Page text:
IT’S never nice catching oneself unexpectedly on camera.

The CCTV displays in shops are a primary offender in this category but this week I was treated to a rolling feed of my chin for around an hour – on a feed being beamed around the world to an audience of … probably very few people.

On Tuesday, I found myself sitting directly behind GB News CEO Angelos Frangopoulos as he gave evidence to the House of Lords committee on communication and digital.

On the substance first. Frangopoulos defended the broadcaster against accusations of bias, saying he would like to recruit political presenters not drawn from the Conservative Party – or its frothing offshoot Reform UK. 

He also said he was very worried about the BBC taking tentative steps into the advertising market.

He’s a good performer, Frangopoulos. In those situations, he comes in wanting to stymie people like me – hacks looking for a line. Give them as little as possible to work with. It’s like a cynical Hippocratic Oath: “Do no harm, create no headlines”.

READ MORE: GB News chief says plans for BBC advertising are 'very concerning'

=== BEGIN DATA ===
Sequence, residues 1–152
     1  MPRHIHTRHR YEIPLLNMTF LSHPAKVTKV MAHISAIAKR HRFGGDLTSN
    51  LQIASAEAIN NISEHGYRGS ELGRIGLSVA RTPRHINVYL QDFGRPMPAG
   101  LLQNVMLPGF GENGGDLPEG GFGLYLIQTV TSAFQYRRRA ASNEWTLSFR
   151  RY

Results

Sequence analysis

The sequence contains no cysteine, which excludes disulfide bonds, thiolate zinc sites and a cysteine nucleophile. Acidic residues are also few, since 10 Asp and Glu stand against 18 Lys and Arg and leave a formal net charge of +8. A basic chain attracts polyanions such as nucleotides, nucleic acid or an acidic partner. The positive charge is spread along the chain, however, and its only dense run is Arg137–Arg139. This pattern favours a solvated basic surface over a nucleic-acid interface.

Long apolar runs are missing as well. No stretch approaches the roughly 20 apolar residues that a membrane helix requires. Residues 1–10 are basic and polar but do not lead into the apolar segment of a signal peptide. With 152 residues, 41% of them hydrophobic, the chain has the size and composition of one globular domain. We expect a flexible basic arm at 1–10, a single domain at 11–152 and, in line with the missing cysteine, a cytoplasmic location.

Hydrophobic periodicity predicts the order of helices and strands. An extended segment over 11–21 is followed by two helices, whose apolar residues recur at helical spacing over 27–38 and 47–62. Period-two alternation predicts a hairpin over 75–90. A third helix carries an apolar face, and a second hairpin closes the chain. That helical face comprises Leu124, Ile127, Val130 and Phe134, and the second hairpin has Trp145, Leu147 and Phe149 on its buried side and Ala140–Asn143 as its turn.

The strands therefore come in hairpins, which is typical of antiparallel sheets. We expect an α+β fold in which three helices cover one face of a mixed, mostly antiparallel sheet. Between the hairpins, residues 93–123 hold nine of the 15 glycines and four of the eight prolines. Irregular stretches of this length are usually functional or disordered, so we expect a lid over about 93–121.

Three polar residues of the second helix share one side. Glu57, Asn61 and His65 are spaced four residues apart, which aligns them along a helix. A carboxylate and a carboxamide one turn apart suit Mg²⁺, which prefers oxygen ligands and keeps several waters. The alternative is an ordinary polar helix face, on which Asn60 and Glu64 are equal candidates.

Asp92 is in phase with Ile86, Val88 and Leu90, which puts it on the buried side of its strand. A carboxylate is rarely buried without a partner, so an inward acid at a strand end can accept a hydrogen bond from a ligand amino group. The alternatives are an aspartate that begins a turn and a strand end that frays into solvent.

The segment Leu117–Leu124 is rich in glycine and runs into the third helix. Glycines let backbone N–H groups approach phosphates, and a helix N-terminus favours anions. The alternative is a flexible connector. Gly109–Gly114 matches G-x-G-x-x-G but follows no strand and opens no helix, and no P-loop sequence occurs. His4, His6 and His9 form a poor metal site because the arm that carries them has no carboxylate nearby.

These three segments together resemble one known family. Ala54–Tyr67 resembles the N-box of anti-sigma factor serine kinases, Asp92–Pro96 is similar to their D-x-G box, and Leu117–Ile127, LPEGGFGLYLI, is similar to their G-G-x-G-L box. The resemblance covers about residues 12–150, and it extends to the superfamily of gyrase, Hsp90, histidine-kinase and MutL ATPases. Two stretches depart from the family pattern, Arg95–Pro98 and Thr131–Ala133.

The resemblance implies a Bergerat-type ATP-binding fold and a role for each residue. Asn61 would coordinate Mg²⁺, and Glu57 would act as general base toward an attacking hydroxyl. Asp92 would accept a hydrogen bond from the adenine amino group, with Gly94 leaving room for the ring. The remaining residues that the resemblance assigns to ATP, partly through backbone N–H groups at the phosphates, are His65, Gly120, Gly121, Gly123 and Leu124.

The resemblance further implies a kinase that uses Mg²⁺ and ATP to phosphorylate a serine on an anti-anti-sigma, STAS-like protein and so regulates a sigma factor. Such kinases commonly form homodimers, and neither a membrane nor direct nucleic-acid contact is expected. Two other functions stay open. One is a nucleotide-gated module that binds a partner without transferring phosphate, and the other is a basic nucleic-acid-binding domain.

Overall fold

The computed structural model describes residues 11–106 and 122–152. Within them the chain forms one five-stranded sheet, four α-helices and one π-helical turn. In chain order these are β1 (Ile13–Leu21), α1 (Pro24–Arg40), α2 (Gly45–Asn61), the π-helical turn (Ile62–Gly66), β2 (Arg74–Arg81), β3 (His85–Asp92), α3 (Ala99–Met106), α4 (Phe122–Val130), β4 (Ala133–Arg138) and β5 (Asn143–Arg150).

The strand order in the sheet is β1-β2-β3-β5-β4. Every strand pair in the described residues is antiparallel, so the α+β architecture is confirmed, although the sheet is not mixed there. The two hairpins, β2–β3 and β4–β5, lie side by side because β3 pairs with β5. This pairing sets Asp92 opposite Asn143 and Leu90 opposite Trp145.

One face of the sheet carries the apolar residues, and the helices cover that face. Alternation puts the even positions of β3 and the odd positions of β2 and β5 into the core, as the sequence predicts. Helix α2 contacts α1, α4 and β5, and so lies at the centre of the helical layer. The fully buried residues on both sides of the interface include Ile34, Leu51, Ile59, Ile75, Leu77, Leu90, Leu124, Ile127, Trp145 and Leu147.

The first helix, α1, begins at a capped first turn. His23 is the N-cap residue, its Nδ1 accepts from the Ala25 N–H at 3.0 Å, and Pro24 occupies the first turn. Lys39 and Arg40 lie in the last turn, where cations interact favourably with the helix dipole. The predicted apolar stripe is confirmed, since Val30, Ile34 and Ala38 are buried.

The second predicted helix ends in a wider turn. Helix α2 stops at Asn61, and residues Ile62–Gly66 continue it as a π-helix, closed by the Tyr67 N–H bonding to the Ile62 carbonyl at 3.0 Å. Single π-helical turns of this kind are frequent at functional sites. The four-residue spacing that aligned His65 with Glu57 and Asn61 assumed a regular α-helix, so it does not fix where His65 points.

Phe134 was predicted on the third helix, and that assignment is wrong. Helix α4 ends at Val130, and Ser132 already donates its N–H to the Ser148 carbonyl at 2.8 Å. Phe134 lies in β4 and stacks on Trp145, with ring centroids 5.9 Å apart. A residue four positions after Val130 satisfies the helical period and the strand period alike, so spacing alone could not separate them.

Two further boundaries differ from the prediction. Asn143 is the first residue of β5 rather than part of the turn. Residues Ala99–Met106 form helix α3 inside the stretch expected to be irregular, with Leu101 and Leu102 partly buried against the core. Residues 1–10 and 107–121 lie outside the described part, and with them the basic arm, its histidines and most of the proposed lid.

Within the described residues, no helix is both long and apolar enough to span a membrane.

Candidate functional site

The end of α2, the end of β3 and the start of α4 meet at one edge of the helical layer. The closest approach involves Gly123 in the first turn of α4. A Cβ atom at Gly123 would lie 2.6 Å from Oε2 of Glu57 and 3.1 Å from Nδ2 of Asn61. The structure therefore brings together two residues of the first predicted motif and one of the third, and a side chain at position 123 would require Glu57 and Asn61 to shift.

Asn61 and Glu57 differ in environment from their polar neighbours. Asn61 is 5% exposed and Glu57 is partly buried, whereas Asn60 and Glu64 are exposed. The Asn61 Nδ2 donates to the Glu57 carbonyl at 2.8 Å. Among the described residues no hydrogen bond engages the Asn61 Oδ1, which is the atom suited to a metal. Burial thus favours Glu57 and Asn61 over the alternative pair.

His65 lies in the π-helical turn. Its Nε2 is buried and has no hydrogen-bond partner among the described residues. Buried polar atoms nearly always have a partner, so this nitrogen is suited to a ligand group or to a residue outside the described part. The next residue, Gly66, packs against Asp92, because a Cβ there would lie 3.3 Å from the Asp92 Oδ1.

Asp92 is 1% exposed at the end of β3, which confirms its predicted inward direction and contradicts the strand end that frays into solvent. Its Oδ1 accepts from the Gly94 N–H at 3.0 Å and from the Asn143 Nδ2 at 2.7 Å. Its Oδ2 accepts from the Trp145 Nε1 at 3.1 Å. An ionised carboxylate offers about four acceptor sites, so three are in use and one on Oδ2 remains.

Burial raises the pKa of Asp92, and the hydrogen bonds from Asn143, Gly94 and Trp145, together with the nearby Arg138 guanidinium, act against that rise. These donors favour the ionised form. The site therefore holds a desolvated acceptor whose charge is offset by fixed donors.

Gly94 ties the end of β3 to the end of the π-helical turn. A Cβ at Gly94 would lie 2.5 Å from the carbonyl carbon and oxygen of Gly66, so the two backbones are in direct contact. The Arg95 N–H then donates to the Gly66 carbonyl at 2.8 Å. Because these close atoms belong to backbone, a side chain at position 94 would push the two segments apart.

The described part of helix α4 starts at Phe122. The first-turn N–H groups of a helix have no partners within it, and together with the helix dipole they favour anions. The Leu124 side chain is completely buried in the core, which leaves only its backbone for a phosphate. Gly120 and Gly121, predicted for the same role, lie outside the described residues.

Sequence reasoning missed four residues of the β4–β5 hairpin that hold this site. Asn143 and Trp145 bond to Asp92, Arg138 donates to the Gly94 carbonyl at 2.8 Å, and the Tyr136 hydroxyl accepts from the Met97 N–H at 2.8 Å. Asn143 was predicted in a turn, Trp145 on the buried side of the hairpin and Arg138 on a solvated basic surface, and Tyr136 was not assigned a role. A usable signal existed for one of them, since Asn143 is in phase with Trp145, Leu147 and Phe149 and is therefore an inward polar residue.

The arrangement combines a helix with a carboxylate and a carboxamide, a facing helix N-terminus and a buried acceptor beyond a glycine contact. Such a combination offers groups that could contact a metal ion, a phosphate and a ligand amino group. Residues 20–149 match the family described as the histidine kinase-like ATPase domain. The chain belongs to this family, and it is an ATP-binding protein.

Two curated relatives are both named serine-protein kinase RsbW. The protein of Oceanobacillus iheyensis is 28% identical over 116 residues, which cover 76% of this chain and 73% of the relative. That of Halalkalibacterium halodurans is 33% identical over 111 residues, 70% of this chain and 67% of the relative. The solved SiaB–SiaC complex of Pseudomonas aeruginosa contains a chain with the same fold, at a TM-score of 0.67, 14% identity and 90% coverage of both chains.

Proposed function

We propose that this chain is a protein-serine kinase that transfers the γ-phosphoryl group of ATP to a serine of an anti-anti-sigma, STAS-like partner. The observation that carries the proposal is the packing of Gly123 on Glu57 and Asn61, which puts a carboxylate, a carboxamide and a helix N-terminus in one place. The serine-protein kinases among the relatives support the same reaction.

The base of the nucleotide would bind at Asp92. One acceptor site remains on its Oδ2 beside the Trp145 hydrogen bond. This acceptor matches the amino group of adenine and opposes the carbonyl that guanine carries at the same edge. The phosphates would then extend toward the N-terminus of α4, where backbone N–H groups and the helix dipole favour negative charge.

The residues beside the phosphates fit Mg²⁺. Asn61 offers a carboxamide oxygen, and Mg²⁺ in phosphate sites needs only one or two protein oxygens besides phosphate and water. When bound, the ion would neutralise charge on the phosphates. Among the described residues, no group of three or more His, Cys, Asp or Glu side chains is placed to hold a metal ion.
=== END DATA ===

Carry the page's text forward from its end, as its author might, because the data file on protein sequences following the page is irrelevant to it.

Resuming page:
Frangopoulos reminded me of his countryman, the former Celtic manager Ange Postecoglou (below) (who incidentally mirrored my own move last year from the East End of Glasgow to north London).

The National: Ange Postecoglou

Cool, calm, collected, brushing off criticism, exuding that natural down-to-earth Aussie charm. You could almost see him batting away concerns about the Ofcom rules with a schooner in hand: “Don’t worry about that, mate. All under control.”

Before he began his evidence to the committee, I got in and plonked myself on a bench at the back of the room.

Directly opposite me, across the grand committee rooms of the House of Commons was Baroness Stowell of Beeston. It did not occur to me that the most natural place for Frangopoulos to sit was in front of me, facing the Baroness.

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So for the next hour, I was treated to a view of the back of his baldy head. To see his facial expressions, I had to turn my head to the right, where a camera was displaying his face – and to my shock, my chin.

Like budgies, people are taken by their reflections. I found my eyes drawn away from the back of Frangopoulos’s head, to the live feed of his face, and inevitably, back to my chin hovering above his noodle.

Most mortifyingly, when I returned to my desk to write up my story, a colleague who had been watching the committee hearing (and my melon bobbing around in the background) texted a photograph of me taking notes, though looking more asleep than attentive.

Vanity has prevented me from taking up his suggestion that it would make a good Twitter/X header picture.

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